In both his documents, the Confessio and Epistle, Patrick was addressing multiple audiences and networks – his supporters and detractors in several scattered communities of Christians in various parts of Britain and Ireland. Who in Fifth Century Britain would know if that figure was realistic or not? Who in Britain would even care? It seems to me, that the detail supplied could only have been appreciated by those in Ireland who had a rough knowledge of the approximate size of the island from west to east (via time/distance traveled). By the same token, including such a specific detail of measurement to an Irish based audience already familiar with such a concept would have been a risky venture, if it wasn’t based on some underlying truth. In other words, if he had been lying or exaggerating the actual distance, it would have been abundantly clear to an Irish audience (‘How big? Ah Jaysis, Patrick, you’re talking shite now!’).
As such, the specified distance of two hundred miles makes no literary or narrative sense unless it was underpinned by fifth century geographical reality, and even if so, could only have been appreciated by those familiar with the extent of Ireland’s interior. Patrick’s deliberate referencing of the same in the Confessio seems to be an attempt to emphasize his own local knowledge of two extreme locations: the scene of his captivity, the scene of his escape and the distance between them. Set amidst the background of the Confessio’s overall defense of his mission (against detractors who were accusing Patrick of having ulterior motives), this forms an important part of Patrick’s stated explanation – that his whole life, from enslavement, escape from captivity and return as missionary was brought about under divine providence.
Not only that, it suggests that his later missionary field (i.e Confessio 51) included some of the same geography, or more specifically, the general area of his captivity (The famous ‘Wood of Foclut’, as suggested by his own words at the end of Confessio 23). Why tell an Irish audience where he had been captive and where he had escaped from, and why say where he had eventually returned, (incidentally providing his credentials in terms of recognizable distance) if it wasn’t true? Or more specifically, why give such detail if there wasn’t a way for some of them to ascertain it for themselves?
All in all, Patrick’s seemingly fleeting and incidental references on the subject make a lot more sense – and carry a lot more weight – when viewed in such terms by such an audience. They are his version of textual ‘Easter Eggs’; insider knowledge, only of interest to, and only recognizable by, some of his Irish audience. An audience to which he was directly appealing as a result of criticism from British Christians who, ironically, would not have even realized their significance despite receiving them in the same communication. Fifth century Patrician sub-tweeting, at its very best.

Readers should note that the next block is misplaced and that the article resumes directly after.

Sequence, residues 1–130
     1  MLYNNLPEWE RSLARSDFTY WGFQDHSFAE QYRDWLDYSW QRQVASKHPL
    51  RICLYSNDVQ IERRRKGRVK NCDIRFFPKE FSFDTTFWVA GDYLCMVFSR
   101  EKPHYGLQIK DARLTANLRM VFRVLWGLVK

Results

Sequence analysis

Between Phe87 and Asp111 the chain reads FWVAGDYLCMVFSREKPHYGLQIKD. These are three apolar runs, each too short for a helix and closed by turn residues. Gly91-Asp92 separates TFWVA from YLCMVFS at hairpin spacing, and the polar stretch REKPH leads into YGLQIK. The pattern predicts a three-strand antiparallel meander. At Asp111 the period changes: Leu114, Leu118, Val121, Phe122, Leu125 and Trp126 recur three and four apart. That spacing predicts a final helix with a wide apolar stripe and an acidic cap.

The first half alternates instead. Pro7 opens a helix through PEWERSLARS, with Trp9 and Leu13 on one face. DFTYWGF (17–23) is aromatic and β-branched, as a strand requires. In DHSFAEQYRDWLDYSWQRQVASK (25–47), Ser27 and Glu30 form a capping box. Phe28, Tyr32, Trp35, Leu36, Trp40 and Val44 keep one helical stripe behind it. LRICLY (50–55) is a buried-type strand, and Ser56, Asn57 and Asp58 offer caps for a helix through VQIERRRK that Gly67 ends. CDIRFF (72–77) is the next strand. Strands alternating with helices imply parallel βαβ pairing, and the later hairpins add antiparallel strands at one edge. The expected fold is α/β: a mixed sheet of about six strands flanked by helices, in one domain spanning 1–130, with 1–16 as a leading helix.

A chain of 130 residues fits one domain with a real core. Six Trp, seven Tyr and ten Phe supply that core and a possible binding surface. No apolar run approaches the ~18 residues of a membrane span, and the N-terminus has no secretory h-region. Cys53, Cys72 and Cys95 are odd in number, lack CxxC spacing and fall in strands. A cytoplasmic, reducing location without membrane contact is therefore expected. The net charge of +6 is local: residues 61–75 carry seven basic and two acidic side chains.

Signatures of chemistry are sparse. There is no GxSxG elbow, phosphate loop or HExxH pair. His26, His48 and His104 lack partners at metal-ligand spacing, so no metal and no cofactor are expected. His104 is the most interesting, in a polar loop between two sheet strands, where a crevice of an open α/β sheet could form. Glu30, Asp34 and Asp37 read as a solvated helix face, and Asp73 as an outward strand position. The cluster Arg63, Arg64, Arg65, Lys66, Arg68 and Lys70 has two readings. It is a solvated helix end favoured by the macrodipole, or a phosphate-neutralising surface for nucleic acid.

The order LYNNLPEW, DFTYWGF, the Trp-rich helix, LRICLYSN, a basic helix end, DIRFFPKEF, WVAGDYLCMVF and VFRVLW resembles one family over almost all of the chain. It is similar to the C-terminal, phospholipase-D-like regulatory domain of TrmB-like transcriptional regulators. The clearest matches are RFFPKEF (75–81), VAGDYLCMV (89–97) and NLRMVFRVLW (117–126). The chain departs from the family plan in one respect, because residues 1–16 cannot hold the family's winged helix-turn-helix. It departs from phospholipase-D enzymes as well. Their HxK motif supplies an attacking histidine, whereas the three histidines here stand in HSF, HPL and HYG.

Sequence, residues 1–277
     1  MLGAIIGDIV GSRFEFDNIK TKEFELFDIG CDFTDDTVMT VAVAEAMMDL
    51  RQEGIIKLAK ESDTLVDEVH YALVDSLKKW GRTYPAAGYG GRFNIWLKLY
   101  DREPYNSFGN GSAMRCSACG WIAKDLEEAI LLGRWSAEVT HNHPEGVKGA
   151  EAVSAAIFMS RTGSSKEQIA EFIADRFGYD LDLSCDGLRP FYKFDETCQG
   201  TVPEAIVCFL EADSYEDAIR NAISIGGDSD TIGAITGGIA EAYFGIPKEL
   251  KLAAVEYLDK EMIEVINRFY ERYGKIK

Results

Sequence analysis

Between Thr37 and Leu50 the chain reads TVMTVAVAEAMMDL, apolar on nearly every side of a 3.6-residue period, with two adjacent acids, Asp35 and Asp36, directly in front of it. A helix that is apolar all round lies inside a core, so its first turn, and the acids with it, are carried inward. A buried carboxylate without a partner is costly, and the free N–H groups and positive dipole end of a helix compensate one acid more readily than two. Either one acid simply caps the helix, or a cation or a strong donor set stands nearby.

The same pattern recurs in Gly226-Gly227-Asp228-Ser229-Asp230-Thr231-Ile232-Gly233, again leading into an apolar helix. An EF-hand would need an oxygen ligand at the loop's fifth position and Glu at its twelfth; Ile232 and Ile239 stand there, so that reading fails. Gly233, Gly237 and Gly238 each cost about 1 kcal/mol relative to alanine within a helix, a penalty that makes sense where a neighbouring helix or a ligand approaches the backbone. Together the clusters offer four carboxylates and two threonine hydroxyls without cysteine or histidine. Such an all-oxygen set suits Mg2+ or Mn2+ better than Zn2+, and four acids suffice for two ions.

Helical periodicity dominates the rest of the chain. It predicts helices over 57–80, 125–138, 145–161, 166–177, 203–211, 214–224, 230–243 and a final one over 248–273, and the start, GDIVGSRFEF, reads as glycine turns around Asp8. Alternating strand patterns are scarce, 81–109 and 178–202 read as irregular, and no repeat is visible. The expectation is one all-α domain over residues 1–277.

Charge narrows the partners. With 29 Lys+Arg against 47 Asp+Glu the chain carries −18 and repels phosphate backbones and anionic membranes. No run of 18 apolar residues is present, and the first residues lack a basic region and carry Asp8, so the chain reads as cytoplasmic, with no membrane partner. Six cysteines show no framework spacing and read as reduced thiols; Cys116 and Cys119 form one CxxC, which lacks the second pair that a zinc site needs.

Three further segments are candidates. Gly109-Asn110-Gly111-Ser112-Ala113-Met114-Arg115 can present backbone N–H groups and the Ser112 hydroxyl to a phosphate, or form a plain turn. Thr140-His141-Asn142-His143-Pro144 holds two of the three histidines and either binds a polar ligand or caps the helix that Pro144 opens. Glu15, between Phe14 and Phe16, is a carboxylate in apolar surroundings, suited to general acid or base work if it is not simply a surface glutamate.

And I Would Walk Two Hundred More
Turning back to the reference again, what exactly did Patrick mean by ‘two hundred miles’? His actual words ‘ducenta milia passus‘, as stated in translation, literally mean: ‘two hundred thousand (double) paces’. Unsurprisingly, this illustrates that Patrick’s conception of distance was informed by the imperial Roman system. (One pace being 5 Roman feet, Imperial Roman mile being 5,000 Roman feet, or close variants thereof, depending on time and province). Naturally, over the years, many scholars have sought to use this measurement (with compass in hand) in order to attempt to pinpoint a range of locations. While I am reluctant to repeat such experiments, I do think that a brief exploration is useful, if nothing else than to provide a rough idea of what he was actually talking about. If anything, it serves to hammer another historical nail in the coffin of a ‘Slemish location’ by underlining the fact that his starting out point (scene of his captivity) needs to have been situated at the western extremities of Ireland. After all, there isn’t many other locations from where one can travel such distance ‘across’ Ireland.
Oh Sweet Jaysis, Maths?
Breaking it all down, gives us the following:
- One (double) pace = c.5ft.
- 200,000 double paces = 1,000,000ft = 304.8 Km or 189.3939 modern miles.
Now, always conscious and not a little suspicious of historical uniformity, lets take Patrick at his own words and focus on ‘double paces’. I’m a pretty average size and height for a male (5ft 10) and as any half decent archaeologist will be able to tell you, my standard walking pace is 0.76m or 2.49ft. (Good for surveying in the field – convert from paces later!) My double pace would therefore be 1.52m. Multiplied by 200,000 gives 304 Km or 188 miles.
Not bad. Not bad at all. Its pretty realistic, then, as now.
Now, lets bear in mind that such travel would obviously not be in a straight line over even terrain, and factor in a margin of error, both sides, i.e. a little more and a little less, depending on obstacles etc. Say, 30 miles for arguments sake.
Stay On Target, Luke